you can always get the truth with nested question, e.g: 'if I asked you if 1+1 =2, would you say yes?'. This will result in 'yes' whether the person is a liar or truth teller at the time. Given that there are 6 possible orderings, you can ask the first person whether the correct ordering is one of the first 3 of these possibilities with a nested question: 'If I asked you whether the three people are either dipsi, poo and lala respectively, or dipsi, lala and poo respectively, or poo, lala and dipsi respectively, would you say yes?'. If the answer is yes, then you continue in the same vein: 'If I asked you whether the three people are dipsi, poo and lala respectively, would you say yes?'. If the answer is then no, you ask the final question: 'If I asked you whether the 3 people are dipsi, lala and poo respectively, would you say yes?'. Ask corresponding questions for the other cases.

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  • $\begingroup$ Numbers of possible configuratoms are 8, not 6. $\endgroup$ – Jamal Senjaya Oct 1 '16 at 17:46
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    $\begingroup$ How so? The only way I can see there being more than 6 configurations is if offsets are considered, e.g. is Dipsy lying today and truthful tomorrow or vice-versa, etc. But in that case it would be more than 8 $\endgroup$ – astralfenix Oct 1 '16 at 18:10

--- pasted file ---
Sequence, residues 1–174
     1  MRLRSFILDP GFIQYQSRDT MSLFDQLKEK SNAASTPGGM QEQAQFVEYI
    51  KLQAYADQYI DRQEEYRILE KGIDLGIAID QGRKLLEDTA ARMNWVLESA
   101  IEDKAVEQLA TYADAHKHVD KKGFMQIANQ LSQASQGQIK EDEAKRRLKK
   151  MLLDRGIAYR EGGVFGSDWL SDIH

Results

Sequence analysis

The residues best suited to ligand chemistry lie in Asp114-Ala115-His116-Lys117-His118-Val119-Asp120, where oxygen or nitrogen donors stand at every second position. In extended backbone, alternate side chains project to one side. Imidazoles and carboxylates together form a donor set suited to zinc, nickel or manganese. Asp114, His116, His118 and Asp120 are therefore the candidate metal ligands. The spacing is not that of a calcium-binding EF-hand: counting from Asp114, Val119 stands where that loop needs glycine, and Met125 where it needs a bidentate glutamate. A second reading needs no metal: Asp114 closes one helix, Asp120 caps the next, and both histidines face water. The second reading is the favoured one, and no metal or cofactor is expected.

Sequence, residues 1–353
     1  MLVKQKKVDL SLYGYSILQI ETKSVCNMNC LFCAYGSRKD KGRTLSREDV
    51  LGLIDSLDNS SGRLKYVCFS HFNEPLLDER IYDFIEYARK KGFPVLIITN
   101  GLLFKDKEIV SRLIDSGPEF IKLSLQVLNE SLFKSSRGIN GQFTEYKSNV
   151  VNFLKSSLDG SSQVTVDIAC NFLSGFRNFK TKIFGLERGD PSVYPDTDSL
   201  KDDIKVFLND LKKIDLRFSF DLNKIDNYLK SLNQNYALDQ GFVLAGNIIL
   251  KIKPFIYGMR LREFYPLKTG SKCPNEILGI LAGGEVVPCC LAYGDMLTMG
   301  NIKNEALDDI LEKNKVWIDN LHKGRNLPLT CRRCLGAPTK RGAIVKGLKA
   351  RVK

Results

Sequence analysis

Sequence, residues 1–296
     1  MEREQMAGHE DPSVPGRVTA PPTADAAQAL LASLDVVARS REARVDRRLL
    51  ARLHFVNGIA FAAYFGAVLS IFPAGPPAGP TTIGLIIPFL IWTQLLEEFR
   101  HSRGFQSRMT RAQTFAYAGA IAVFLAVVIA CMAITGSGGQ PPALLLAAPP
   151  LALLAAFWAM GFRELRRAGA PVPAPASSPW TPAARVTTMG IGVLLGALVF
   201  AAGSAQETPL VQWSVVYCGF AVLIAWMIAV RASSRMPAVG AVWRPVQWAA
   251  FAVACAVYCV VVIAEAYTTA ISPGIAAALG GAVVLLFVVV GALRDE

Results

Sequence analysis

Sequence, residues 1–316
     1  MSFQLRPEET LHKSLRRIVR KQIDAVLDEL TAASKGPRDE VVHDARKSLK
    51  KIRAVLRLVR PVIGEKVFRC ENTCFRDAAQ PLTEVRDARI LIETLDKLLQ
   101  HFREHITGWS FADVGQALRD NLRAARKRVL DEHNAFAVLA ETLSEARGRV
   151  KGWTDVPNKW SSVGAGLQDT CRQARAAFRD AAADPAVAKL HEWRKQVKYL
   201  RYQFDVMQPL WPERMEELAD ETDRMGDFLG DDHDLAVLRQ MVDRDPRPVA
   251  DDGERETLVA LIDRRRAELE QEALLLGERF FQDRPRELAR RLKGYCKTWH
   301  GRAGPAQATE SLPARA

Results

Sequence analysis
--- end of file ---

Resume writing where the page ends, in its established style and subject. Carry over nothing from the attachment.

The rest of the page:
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    $\begingroup$ @JamalSenjaya There are only 6 configurations of names (3×2×1), which is what the question is asking about. If we needed to figure out also whether each is telling the truth on a given day, there would be 6×2×2×2 = 48 configurations, and if we needed to figure out the specific day in their cycle, I believe there would be 6×2×4×8 = 384 configurations. (That being said, since 2³ = 8, if there were 8 possible configurations, three questions would still be the optimal solution.) $\endgroup$ – Arkku Oct 1 '16 at 20:34
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The answer is

40 Dollars

Let the persons be labelled A,B and C
First question for "B"
I randomly choose B, and ask "Are you a Dog".
Any person who tells the truth will definitely say "NO". So from the above result we came to know that whether B is telling truth.
Assume B answered "NO". From this we conclude that B is telling truth today. (If "B" says YES, i will take opposite of what B says from now).
Second question for "B"
Are you dipsi?
Third question for "B"
Are you lala?
For the second and third question(maximum questions required here = only two), we can conclude that "B" is either dipsi, lala or polo.
Assume "B" is conformed as polo.
Fourth question for "B"
I pointed "A" and ask whether he is dipsi?
From this answer, we can conclude that "A" is dipsi or lala. This also conforms whether "C" is dipsi or lala. so we need atleast 4 questions that would cost minimum of 40 dollars to find who is Dipsy, lala or polo

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  • $\begingroup$ @Jamal Senjaya Is my answer ok? $\endgroup$ – KSR Oct 2 '16 at 9:25
  • $\begingroup$ yes, but I realized now, we just need 30 dollars. $\endgroup$ – Jamal Senjaya Oct 2 '16 at 14:08
  • $\begingroup$ I just saw above answer.Need only 30 dollars.. $\endgroup$ – KSR Oct 2 '16 at 14:17
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To be told the truth you need to ask:

If I asked you today if you are Lala/Poo/Dipsi, would you answer yes?

This will tell you the name of the first person with at most 2 questions, or just one if you're lucky.

Then ask another person just one more question to know who they are, and who the third person is.